The Fuck Yeah Fest, aka the FYF Fest, is a rare and precious moment of convenience in the all too often inconvenient City of Angels. Located in LA State Historic Park, right in the heart of Downtown Los Angeles, FYF is easily accessible to LA and many of its suburbs via public transportation. With the festival priced at a mere $100 for a two day pass, it’s about as reasonably priced of a festival as you’ll find in any major metropolitan city. And that’s not for bargain bin acts; FYF 2013 delivered rock heavyweights such as My Bloody Valentine and Yeah Yeah Yeahs.
It’s an impressive haul for a festival that only a few years ago was restricted to the modest sister venues Echo and Echoplex. Now in its tenth year, FYF has ballooned into a festival that covers four stages for two days from 2 PM to 12 AM. Despite its relatively rapid growth, FYF is a well-organized and managed event. The stages were well distributed, with the largest stage isolated to the north and the three smaller stages bunched to the south. This allowed for a smooth flow of foot traffic. Two food courts provided the full range of LA cuisine, from spicy pizza to gourmet burgers to vegan Mexican. There were two beer gardens (at which patrons receive the best and most accurate “21 and over” wristband ever), which were located close enough to the stages that you could still enjoy a set while drinking your brew. Water was readily available for a reasonable $2 a bottle, but patrons could also bring their own water bottles and fill them at several water stations. While lines for the portos appeared terrifyingly long, they actually moved quickly and were well maintained.
The Breeders’ “Cannonball” (Live)
The festival still has a few flaws that may or may not be fixable. Since there was only a single entrance/exit, lines entering the festival were somewhat slow moving, and exiting the festival felt not too different from being on the 405 at rush hour when there’s a twelve car pileup. Adding a second exit could alleviate the painfully slow foot traffic at closing time. A problem inherent to the festival’s location is background noise. Several of the stages are within a stone’s throw of the LA Metro, meaning that softer acts are interrupted every 5-10 minutes by the sound of passing trains. Samantha’s Tent offered a variety of electronic and dance acts, though the massive crowds filling the tent made it less than ideal for actually moving, let alone dancing. Though I didn’t spend too much time there, the DJs I did see ranged from adequate to flat out monotonous. From what I saw, EDM is one area in which FYF still needs to hook better acts.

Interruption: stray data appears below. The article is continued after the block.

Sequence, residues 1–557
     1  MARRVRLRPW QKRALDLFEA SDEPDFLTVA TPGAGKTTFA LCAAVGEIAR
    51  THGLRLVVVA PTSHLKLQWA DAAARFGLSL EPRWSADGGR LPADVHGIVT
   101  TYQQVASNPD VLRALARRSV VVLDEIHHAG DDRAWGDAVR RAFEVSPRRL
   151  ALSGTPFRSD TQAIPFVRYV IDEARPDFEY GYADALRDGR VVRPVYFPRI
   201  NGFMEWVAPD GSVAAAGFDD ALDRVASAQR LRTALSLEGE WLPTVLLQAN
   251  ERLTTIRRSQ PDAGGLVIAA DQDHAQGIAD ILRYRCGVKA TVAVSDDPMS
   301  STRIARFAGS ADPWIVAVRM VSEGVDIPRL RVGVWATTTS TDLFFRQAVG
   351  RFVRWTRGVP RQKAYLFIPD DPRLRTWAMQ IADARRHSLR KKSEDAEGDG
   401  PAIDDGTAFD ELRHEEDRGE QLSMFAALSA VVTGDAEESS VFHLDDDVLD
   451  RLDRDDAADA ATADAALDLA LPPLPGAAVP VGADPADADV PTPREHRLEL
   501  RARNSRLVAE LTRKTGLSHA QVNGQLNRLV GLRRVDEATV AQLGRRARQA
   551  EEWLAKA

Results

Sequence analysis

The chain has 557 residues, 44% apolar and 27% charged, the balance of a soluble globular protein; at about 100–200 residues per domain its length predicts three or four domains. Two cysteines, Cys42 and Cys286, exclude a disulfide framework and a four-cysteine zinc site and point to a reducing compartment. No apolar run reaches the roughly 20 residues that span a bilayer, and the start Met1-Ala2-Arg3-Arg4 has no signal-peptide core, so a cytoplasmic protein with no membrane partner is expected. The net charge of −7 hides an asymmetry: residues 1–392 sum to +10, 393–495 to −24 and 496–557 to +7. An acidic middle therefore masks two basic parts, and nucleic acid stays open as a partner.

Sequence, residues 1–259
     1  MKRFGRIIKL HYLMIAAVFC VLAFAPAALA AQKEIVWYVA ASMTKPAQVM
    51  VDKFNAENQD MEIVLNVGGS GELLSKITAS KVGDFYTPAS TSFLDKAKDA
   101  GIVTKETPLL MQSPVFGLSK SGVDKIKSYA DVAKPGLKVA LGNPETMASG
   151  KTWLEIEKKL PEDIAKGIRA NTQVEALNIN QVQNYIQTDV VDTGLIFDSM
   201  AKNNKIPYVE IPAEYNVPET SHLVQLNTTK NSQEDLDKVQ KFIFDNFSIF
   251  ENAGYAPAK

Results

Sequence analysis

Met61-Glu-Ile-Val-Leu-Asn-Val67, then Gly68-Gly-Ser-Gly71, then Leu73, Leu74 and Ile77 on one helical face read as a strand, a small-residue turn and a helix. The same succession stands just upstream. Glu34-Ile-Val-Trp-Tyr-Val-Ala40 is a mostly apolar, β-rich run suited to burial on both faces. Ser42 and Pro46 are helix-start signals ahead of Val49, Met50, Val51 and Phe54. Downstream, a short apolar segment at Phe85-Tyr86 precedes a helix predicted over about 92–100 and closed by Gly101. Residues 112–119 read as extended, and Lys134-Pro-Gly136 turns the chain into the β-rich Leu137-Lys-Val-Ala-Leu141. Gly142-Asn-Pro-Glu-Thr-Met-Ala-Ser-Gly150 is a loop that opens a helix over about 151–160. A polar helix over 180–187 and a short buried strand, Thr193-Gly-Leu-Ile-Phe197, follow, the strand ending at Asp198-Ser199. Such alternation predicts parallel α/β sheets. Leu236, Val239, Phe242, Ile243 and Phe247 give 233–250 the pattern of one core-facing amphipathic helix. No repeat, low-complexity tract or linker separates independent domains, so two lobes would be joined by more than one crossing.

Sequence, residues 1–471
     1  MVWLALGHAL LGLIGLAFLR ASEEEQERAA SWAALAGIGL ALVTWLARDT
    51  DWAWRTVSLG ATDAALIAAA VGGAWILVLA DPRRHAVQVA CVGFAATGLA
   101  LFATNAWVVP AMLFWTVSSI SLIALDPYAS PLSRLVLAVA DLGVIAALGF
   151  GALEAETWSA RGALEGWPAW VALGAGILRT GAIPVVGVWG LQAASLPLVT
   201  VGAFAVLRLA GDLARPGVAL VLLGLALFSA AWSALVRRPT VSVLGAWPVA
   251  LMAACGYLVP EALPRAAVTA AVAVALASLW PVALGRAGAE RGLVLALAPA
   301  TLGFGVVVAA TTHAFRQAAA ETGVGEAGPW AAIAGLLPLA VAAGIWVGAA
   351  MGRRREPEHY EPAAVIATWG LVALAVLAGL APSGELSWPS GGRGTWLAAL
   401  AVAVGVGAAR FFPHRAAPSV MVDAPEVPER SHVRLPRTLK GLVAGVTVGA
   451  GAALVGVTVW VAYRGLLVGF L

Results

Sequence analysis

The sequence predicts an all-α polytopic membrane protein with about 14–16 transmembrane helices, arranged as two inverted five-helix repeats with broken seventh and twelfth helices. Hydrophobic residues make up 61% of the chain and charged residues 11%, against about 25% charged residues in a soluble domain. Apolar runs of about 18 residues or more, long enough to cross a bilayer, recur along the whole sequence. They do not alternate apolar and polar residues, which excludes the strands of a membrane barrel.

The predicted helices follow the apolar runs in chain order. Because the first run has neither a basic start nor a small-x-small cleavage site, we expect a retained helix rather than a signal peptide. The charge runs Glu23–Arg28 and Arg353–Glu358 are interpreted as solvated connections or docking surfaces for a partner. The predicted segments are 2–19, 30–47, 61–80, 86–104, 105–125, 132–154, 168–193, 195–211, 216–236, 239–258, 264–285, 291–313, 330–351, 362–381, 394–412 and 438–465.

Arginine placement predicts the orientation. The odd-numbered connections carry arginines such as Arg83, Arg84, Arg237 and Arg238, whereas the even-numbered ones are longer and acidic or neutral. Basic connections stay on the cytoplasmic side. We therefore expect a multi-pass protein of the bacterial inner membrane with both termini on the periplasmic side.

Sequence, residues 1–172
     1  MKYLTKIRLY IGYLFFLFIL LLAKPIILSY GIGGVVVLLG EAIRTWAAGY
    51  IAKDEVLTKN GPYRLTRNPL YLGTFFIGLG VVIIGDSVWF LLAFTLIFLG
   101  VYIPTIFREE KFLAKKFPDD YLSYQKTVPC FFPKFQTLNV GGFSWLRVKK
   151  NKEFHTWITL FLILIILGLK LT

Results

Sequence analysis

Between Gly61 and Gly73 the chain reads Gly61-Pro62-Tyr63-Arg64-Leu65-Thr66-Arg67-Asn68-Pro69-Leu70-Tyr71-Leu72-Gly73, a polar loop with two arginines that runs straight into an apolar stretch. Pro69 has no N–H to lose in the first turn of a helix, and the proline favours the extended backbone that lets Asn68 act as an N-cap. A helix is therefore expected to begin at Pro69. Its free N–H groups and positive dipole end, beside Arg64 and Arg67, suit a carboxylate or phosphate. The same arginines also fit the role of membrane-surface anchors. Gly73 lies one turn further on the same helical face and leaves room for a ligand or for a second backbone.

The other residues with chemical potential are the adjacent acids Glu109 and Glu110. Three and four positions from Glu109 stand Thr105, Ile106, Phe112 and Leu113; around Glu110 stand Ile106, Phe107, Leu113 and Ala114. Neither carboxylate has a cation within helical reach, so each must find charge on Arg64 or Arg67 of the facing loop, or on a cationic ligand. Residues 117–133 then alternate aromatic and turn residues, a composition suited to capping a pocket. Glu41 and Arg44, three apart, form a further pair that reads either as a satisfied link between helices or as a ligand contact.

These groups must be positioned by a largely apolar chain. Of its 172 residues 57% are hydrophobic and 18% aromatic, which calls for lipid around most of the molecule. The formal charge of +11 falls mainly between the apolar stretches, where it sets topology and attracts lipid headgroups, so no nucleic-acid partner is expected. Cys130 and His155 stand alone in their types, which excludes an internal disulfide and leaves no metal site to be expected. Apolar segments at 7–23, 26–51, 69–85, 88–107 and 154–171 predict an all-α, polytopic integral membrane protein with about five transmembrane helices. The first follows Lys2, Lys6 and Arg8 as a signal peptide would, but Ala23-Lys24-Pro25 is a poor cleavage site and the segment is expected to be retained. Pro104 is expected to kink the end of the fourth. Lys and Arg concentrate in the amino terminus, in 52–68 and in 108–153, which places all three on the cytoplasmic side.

However, the focus of FYF is alterative and indie rock and many of those acts impressed. On Saturday, The Breeders celebrated the twenty year anniversary of their alt-rock classic Last Splash by performing the album from start to finish. Kim Deal and co. did an excellent job of capturing the blend of melody, grit and edge that makes Last Splash such a joy. The set was peppered with crowd-pleasing novelties such as the original chimes used on “Cannonball” and the original amps used on the record.
Deerhunter‘s set was a little up and down, but there were certainly more ups than downs. At times, Deerhunter’s cool, affection-less approach felt stale – especially during the more gentile moments of their set. However, when they kicked in the distortion and Bradford Cox added some bite to his vocal delivery (i.e. their grizzly rendition of the title track from their latest record, Monomania) their performance was top notch. Even better were the extensive passages of looping psychedelia and shoegaze, which were nothing short of enrapturing. Cox’s outfit also stood out—a matching black and white leopard pattern dress and shawl with a black wig—though it’s hard to decide if it was actually good or not.
My Bloody Valentine’s “When you Sleep”